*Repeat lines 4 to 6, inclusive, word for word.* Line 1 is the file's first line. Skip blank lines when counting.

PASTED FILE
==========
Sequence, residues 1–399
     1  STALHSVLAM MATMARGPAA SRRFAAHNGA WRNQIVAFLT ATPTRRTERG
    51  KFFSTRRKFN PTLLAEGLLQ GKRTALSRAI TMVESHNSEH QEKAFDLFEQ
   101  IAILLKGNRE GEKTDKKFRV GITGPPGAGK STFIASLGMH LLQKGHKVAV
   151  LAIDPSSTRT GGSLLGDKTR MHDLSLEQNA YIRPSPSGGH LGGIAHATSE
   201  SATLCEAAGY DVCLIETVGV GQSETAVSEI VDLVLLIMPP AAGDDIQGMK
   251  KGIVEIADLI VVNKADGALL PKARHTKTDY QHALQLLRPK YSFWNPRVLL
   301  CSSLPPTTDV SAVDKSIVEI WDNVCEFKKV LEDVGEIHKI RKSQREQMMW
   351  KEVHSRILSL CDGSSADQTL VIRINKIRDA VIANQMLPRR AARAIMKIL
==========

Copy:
   101  IAILLKGNRE GEKTDKKFRV GITGPPGAGK STFIASLGMH LLQKGHKVAV
   151  LAIDPSSTRT GGSLLGDKTR MHDLSLEQNA YIRPSPSGGH LGGIAHATSE
   201  SATLCEAAGY DVCLIETVGV GQSETAVSEI VDLVLLIMPP AAGDDIQGMK